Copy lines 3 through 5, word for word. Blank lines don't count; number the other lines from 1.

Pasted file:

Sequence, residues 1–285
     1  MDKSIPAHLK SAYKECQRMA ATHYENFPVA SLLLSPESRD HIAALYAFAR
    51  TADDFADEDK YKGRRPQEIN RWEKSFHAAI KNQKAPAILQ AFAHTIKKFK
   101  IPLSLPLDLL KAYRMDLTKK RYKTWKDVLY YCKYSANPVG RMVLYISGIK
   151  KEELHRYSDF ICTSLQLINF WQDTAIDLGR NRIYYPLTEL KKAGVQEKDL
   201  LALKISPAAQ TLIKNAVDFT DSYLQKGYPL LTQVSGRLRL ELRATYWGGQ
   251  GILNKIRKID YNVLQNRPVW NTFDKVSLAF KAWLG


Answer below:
    51  TADDFADEDK YKGRRPQEIN RWEKSFHAAI KNQKAPAILQ AFAHTIKKFK
   101  IPLSLPLDLL KAYRMDLTKK RYKTWKDVLY YCKYSANPVG RMVLYISGIK
   151  KEELHRYSDF ICTSLQLINF WQDTAIDLGR NRIYYPLTEL KKAGVQEKDL